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PHYS 2212 G/H Spring 2008
MP01c
Due at 9:00am on Tuesday, January 15, 2008
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Electric Force
This assignment will receive a 30% bonus if it is completed before 9:00 AM, Monday, January 14.
Charged Aluminum Spheres
Two small aluminum spheres, each of mass 0.0250 kilograms, are separated by 80.0 centimeters.
Part A
How many electrons does each sphere contain? (The atomic mass of aluminum is 26.982 grams per mole, and its atomic
number is 13.)
Hint A.1
The definition of mole and atomic number
Hint not displayed
Part A.2
How many electrons per mole of aluminum?
Part not displayed
Part A.3
How many electrons per kilogram of aluminum?
Part not displayed
Express your answer numerically.
ANSWER:
7.25
×
10
24
Part B
How many electrons would have to be removed from one sphere and added to the other to cause an attractive force between
the spheres of magnitude
(roughly one ton)? Assume that the spheres may be treated as point charges.
Hint B.1
How to approach the problem
Use Coulomb's law to find the charge needed to produce the given force. Then use the charge of an electron to determine the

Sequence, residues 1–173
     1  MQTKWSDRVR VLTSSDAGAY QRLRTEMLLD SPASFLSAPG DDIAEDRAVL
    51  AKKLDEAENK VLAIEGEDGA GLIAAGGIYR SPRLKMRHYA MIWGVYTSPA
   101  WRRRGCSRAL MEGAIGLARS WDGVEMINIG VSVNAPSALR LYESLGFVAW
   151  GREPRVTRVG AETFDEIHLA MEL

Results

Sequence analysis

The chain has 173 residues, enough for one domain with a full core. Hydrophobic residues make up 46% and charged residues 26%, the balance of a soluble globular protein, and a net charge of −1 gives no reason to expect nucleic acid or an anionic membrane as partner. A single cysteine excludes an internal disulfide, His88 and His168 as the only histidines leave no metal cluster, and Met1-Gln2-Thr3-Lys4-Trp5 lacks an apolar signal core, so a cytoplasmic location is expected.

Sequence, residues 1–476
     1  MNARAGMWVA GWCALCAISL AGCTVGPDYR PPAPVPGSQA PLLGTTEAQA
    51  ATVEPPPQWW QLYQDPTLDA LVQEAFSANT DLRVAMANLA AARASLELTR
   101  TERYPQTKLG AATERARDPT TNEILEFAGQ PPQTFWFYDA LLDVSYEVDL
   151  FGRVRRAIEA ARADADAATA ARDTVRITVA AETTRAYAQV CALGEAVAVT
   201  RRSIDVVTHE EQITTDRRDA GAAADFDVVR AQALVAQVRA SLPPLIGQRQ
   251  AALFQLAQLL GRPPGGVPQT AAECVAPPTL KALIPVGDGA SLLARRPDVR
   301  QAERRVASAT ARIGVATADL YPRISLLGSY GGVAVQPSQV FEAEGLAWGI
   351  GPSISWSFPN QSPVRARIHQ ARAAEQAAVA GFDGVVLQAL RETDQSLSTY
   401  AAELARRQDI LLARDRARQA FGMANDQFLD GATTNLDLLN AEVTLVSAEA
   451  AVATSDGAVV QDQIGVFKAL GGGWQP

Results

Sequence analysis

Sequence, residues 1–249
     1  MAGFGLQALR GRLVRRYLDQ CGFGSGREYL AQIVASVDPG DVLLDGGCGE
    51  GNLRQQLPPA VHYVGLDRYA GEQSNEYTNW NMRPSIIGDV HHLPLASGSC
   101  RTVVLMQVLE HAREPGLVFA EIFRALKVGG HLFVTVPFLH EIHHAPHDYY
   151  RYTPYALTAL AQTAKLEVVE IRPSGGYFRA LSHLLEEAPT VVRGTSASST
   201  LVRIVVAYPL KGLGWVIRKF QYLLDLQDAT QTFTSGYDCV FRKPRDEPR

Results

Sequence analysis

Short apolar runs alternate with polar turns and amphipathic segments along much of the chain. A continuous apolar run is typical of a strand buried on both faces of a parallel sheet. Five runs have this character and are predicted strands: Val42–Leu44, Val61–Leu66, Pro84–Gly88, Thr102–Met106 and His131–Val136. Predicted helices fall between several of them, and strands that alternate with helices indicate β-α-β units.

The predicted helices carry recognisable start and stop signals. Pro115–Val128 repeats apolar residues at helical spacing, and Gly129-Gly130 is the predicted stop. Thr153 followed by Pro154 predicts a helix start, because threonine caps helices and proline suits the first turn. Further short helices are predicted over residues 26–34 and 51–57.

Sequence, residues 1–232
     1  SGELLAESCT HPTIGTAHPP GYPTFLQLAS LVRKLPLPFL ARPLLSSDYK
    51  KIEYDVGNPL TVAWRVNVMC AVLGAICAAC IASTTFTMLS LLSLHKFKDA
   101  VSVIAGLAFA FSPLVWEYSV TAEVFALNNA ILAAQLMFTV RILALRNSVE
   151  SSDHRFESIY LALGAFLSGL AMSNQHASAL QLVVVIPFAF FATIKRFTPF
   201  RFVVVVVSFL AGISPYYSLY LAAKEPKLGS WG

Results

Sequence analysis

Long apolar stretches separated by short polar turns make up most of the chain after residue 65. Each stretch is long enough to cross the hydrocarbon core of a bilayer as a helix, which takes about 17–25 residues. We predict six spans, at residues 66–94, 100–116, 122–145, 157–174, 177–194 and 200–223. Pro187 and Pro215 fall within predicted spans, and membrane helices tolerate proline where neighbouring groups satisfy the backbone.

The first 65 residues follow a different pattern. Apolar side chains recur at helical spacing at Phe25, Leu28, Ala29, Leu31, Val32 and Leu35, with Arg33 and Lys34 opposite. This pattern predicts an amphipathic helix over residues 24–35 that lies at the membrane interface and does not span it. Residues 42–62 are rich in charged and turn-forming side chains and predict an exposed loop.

number of electrons necessary to produce the calculated charge.
Part B.2
Find the relationship between the charges of the spheres
Assume that after some electrons have been removed from it, the first sphere ends up with a net charge of
. What would be
the charge on the other sphere,
, after these extra electrons are added to it?
Express your answer in terms of
and any necessary constants.
ANSWER:
=
Answer not displayed
Express your answer numerically.
ANSWER:
5.27
×
10
15
Part C
What fraction of all the electrons in one of the spheres does this represent?
Express your answer numerically.
ANSWER:
7.26
×
10
−
10
PSS 25.1: What's the Point?
Learning Goal:
To practice ProblemSolving Strategy 25.1 for problems involving electrostatic forces.
Two charged particles, with charges
and
, are located a distance
apart on the
x
axis. A third charged particle,
with charge
, is placed on the
x
axis such that the magnitude of the force that charge 1 exerts on charge 3 is equal to the
force that charge 2 exerts on charge 3.
Find the position of charge 3. Assume that all three charges are positive.
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 Spring '08
 N/A
 Physics, Charge, Force, Electric charge

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